Given all the tech I’ve played with over the years, I’d be comfortable calling myself a Windows/Android guy with some earthy tones of Linux and the occasional smooth draws of Mac. I like to keep up to date and current on what’s going on in commercial tech platforms for two (and a half) reasons. The first is personal – i’m a tech geek, and being more informed and knowing different platforms makes my purchasing decisions more well informed and in line with what I need. The second is professional – my career is primarily one of being the IT and technology alpha nerd, and I’d call geeking out part of my job description. That last “and a half?” The more platforms, operating systems and “sides” I know, the more credibility I have talking tech, and the less I have to deal with folks associating my opinions with being a pure fanboy of any given platform.
Because fanboyism and fangirlism irk me. Ohhh kids it irks me something improper. I like what I like because I’ve tested a lot of things, and through that testing formulated my own opinion based on a wide array of experiences. I like PCs running Windows 7. I prefer Android-powered devices. It’s just how I roll. That doesn’t mean I hate all things Apple – on the contrary I feel the vast majority of their products are really a solid set of devices. And they back that up with sales, as well as a fiercely loyal fan base that in my opinion has supported the "Cult of Mac" moniker that it has come to be known as over the last decade, rivaling the following of some organized religions. But when the iPhone was still pretty much on its own in the touchscreen smartphone game, it was all about “cool.” With the rise of Android, the sentiment of “cool” was somehow converted into one of elitism.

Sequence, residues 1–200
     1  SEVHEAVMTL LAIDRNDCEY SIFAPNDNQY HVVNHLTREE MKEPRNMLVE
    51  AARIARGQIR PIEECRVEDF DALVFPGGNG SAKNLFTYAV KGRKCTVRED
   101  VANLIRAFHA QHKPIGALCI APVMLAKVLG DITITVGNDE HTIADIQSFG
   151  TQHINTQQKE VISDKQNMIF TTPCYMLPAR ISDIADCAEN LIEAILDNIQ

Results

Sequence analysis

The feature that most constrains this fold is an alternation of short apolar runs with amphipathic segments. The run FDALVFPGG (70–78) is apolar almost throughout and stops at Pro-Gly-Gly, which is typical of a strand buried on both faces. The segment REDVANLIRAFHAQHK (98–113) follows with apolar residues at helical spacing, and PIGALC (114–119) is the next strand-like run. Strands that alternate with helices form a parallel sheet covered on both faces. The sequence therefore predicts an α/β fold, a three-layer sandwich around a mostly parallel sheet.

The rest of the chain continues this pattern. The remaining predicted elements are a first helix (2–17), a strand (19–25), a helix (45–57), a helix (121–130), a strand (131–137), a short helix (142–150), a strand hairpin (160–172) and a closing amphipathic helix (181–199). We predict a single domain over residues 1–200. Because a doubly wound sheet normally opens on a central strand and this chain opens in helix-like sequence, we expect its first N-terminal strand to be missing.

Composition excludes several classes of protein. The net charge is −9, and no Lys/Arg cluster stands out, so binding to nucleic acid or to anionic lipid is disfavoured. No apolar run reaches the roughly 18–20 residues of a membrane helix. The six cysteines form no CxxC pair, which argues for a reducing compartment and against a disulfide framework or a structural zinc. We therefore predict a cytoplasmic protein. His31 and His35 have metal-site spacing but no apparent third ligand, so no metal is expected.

You see kids, the iPhone isn’t iAlone anymore (see what I did there?). It has competition now. What the rise of Android has done is one very major thing sociologically, namely the creation of two completely polarized groups of users: the "I won't touch anything non-Apple" camp and the "Apple is for the computer illiterate, sheep and hipsters locked in groupthink" faction. Adding competition naturally drove the poles of these groups to consider each other the enemy, instead of just two kinds of tech that accomplish similar goals. Hell I’ve never seen anything this heated in consumer tech before, including Intel vs. AMD. That fierce brand loyalty Apple has build does come off as elitist fanaticism sometimes, but at the same time Android side is no less guilty of elitism.